Lab Fellow, Team Lead, Chemist
Interfacial Sciences & Simulation
Lab Fellow, Team Lead, Chemist
Interfacial Sciences & Simulation

Dr. Baer is EMSL's science theme lead for Molecular Transformations. As lead he implements the vision for development and implementation of scientific leadership within that area of emphasis, including objectives, targets and assembling the necessary team and resources.

He is internationally known for the application of surface analysis methods to examine corrosion processes and the reactive properties of oxide and mineral surfaces. Since joining PNNL, he has specialized in the use of surface sensitive techniques to study surface and interphase reactions and material surface chemistry. Experienced in using Auger electron spectroscopy, x-ray and ultraviolet photoelectron spectroscopy, secondary ion mass spectrometry, Rutherford backscattering spectroscopy, nuclear reaction analysis, and particle induced x-ray emission, recent research also involves atomic force to examine and create nanoscale features on surfaces.


  • 2002- present: Laboratory Fellow, PNNL. PNNL's most senior scientific position. Combined experience in corrosion and mineral reactivity with the use of advanced surface-sensitive tools to characterize structure and reaction properties of iron nanoparticles (iron-metal core with an iron-oxide shell). These particles hold significant promise for cleaning up contaminants in groundwater, soil, and sediments. Scientific and leadership positions of increasing recognition and responsibility, including research scientist, group lead, interim Chief Science Officer, and EMSL Science Theme Lead for Molecular Transformations, EMSL and PNNL.
  • 2001-2005: Deputy Director of PNNL Nanotechnology Laboratory-Directed Research and Development Initiative and Co-Director PNNL-University of Washington Joint Institute for Nanotechnology.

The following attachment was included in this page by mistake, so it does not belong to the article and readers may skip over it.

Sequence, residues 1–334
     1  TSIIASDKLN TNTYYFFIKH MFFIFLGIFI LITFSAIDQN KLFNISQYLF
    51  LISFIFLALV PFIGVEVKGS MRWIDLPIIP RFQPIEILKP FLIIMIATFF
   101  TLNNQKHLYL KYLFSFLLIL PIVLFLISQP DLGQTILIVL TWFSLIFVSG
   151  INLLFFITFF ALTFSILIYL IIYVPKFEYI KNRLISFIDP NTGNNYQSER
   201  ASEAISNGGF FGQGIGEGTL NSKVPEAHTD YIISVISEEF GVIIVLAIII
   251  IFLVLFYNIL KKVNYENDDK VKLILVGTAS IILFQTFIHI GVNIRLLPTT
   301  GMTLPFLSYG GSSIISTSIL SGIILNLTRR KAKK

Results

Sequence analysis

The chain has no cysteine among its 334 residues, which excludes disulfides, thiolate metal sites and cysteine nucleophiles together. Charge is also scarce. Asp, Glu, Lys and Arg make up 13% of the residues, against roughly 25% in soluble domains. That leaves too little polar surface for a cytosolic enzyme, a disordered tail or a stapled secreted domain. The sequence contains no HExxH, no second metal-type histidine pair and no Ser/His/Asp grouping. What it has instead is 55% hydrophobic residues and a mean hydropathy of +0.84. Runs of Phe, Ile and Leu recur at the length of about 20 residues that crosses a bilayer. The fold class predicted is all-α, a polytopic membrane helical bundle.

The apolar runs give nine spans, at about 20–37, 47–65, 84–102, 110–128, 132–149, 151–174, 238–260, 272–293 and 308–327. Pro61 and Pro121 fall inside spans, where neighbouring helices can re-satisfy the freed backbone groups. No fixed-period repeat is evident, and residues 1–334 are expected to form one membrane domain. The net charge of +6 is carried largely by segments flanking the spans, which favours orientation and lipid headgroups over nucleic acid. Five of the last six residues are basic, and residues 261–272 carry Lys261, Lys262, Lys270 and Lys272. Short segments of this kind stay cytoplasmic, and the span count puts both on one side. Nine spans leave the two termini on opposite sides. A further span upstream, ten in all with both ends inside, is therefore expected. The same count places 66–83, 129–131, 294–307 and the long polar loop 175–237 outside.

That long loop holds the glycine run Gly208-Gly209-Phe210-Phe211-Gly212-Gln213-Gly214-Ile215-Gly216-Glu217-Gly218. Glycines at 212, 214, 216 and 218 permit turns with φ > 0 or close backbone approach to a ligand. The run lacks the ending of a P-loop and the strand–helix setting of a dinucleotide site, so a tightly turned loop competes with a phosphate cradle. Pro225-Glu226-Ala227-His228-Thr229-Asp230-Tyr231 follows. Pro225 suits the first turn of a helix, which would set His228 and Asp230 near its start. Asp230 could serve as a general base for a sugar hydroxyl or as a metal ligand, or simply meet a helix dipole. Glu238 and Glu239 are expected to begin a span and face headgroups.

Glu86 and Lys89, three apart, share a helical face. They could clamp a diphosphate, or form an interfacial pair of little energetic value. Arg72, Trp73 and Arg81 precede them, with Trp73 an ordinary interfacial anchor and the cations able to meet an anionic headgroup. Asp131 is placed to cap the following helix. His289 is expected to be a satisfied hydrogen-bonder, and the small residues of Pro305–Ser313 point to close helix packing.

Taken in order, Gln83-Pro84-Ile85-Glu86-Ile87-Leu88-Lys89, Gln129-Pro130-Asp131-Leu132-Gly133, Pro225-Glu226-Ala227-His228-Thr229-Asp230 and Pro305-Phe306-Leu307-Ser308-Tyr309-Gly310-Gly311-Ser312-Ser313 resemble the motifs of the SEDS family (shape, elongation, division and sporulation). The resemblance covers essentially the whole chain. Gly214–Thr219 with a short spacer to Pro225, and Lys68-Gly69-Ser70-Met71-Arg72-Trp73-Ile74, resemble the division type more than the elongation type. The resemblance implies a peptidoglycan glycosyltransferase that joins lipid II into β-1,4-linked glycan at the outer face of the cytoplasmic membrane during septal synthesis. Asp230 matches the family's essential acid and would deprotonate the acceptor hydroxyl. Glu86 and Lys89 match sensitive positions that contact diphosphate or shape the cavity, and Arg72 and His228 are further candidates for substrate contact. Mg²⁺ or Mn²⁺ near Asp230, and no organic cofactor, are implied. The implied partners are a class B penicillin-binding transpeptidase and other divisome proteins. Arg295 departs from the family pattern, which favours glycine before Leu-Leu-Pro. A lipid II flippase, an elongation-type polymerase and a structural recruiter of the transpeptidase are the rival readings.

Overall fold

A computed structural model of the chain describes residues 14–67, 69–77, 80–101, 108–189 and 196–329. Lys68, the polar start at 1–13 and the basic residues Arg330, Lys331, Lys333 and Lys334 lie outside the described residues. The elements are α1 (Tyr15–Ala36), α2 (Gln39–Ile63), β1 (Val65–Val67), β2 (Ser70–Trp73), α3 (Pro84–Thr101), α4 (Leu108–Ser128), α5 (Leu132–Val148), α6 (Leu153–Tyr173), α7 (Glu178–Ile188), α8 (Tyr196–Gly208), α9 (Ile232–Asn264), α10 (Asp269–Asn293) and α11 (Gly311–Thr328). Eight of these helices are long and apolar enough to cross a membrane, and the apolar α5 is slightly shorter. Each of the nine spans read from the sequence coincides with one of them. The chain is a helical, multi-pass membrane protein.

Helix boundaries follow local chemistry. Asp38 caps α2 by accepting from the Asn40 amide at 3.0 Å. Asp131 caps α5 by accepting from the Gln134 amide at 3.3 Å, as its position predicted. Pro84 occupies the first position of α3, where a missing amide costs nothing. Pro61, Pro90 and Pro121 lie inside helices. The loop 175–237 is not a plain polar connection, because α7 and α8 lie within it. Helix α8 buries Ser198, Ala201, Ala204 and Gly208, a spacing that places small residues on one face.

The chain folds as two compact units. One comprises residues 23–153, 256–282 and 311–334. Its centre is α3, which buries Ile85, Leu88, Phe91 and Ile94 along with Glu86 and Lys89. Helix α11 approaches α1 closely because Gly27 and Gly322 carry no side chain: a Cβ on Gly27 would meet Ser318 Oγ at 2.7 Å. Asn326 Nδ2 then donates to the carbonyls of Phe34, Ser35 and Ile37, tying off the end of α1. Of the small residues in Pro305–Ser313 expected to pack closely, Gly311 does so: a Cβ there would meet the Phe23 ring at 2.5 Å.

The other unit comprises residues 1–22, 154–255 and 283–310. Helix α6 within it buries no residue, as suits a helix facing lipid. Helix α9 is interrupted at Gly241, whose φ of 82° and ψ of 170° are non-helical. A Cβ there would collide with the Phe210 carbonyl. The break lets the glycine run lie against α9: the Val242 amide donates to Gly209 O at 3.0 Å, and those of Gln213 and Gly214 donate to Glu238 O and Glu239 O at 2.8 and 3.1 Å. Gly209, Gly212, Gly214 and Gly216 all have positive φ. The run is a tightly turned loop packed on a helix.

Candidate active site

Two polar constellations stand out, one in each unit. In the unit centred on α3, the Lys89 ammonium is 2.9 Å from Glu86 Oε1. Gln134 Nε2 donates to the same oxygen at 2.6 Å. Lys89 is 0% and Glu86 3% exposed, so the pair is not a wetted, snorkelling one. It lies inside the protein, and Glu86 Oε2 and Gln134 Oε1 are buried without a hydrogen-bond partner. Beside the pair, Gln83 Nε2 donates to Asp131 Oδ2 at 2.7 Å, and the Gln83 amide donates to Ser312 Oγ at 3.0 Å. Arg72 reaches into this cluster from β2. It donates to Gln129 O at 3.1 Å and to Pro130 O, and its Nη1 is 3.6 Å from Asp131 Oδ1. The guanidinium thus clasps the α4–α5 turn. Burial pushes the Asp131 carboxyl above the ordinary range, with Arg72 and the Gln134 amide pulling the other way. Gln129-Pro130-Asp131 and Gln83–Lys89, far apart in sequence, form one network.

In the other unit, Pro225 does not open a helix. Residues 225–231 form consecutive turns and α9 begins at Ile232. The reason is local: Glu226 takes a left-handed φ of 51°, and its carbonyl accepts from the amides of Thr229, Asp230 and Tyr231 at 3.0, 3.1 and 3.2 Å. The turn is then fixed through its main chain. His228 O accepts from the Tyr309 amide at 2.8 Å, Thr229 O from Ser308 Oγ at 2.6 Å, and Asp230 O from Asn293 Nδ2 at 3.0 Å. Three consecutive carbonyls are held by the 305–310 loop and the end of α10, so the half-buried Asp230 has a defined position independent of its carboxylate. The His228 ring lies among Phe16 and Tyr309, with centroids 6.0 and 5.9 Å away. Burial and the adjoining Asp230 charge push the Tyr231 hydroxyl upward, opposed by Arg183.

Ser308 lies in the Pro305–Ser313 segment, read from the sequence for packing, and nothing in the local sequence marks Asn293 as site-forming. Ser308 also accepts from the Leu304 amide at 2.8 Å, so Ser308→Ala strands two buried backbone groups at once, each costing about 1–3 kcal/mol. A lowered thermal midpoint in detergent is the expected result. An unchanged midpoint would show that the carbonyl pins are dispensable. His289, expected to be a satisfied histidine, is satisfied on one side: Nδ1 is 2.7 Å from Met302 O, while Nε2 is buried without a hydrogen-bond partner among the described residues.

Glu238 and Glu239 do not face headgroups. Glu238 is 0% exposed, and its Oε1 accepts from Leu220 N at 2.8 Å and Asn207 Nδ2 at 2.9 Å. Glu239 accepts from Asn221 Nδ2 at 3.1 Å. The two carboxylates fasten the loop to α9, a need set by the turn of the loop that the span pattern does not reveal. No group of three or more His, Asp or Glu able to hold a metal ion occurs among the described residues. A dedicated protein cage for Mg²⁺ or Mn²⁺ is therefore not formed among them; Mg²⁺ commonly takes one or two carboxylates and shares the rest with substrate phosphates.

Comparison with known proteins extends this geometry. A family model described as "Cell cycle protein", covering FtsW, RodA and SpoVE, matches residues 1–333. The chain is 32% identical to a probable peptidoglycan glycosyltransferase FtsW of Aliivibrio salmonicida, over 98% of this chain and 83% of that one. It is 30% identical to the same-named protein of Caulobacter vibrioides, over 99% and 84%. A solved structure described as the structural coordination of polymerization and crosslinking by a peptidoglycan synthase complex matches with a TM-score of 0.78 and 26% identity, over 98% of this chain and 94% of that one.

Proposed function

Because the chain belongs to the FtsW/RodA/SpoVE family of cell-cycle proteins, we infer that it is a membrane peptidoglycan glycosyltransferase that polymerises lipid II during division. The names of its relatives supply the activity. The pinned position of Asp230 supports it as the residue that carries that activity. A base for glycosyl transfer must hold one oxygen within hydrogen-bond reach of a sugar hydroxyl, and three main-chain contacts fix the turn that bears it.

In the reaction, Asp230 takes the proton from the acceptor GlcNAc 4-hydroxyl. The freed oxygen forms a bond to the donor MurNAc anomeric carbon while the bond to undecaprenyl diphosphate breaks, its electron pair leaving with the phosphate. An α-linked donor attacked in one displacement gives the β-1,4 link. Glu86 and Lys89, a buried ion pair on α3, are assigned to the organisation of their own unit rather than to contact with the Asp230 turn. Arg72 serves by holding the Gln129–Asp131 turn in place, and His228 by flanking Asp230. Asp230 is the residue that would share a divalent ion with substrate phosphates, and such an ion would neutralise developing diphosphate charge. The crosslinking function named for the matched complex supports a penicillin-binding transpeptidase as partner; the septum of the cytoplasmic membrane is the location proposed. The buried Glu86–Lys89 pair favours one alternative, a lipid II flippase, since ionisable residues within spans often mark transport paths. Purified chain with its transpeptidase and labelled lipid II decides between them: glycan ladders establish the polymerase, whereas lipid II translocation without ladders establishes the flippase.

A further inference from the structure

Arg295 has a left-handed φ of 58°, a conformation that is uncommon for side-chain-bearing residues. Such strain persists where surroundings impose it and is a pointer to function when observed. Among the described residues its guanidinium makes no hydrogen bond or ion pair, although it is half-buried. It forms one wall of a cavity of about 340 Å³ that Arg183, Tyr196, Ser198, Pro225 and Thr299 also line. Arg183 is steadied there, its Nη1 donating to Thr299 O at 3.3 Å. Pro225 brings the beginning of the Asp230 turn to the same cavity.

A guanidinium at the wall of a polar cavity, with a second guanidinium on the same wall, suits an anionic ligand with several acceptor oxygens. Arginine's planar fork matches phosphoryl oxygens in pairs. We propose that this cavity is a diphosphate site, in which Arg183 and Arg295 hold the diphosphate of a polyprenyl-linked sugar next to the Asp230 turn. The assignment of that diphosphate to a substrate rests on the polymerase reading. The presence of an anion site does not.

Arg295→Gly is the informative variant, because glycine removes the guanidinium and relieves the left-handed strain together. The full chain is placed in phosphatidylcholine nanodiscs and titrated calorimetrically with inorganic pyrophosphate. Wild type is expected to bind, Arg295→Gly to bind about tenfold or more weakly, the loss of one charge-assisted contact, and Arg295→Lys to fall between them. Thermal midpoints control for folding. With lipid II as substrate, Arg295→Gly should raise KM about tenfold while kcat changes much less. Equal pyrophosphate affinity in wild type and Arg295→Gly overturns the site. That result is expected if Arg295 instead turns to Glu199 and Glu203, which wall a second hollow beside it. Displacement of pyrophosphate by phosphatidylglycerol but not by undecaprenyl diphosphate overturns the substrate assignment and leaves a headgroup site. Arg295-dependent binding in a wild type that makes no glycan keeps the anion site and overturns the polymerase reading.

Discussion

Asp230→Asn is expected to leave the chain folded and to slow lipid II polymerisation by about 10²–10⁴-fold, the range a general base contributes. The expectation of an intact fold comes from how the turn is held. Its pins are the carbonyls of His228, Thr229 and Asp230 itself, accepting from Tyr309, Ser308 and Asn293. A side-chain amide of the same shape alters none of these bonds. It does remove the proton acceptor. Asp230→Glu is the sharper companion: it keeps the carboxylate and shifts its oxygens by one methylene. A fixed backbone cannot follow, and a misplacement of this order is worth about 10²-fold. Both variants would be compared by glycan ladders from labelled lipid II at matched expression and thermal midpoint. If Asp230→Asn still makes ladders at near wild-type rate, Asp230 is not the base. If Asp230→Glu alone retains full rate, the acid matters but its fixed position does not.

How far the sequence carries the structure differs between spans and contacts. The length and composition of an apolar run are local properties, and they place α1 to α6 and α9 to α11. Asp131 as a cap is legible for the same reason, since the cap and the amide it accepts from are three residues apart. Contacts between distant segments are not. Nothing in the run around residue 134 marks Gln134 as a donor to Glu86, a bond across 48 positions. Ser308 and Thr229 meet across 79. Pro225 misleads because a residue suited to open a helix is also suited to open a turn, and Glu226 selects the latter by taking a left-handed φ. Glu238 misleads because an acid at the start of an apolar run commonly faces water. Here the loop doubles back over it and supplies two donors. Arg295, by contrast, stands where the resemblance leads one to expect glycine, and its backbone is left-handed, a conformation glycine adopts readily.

• 1980's: member of a team responsible for developing the research program and equipment needs for EMSL, specifically leading development of materials and interfaces capabilities to establish oxide surface chemistry as a scientific focus area. Most research focused on the impact of the local environment on materials properties including chemical reactivity and material dissolution and growth. Surface-science lead on a research team investigating fundamental causes of stress-corrosion cracking. In particular, this work sought a mechanistic understanding of surface, grain-boundary, and element diffusion, including the roles of sulfur, phosphorus, and metallic impurities on environmentally or stress-induced cracking relevant to pipelines and nuclear reactor component materials.
  • 1984-1985: Visiting Research Fellow; Materials Science and Engineering University of Surrey, Guildford UK.


  • Postdoctoral Fellowship, Materials Research Center and Department of Physics University of Illinois (1974-1976).
  • Ph.D., Experimental Physics, Cornell University (1974).
  • B.S., Physics, Carnegie Mellon University (1969). 

Awards & Honors

  • 2014: Award of Merit, ASTM International (formerly known as the American Society for Testing and Materials)
  • 2011: John Rivière Prize, United Kingdom Surface Analysis Forum.
  • 2009: Albert Nerken Award, American Vacuum Society.
  • 2008: Fellow, American Association for the Advancement of Science.
  • 2001: Fellow, American Vacuum Society.

Research Highlights

  • Solid/solution interface
  • Oxide and mineral surfaces
  • Corrosion and stress corrosion
  • Material-environment interactions
  • Surface and interface analysis methods
  • Scanning probe methods

Dr. Baer's interest in nanoscience and nanotechnology extends to the characterization and reactivity of nanoparticles. He has published more than 260 peer-reviewed journal articles and is internationally recognized for using a wide range of surface sensitive and other methods to understand behaviors of nanoparticles (e.g. ceria, silver and iron core-shell), corrosion processes, and the reactive properties of oxide and mineral surfaces in aqaueous environments.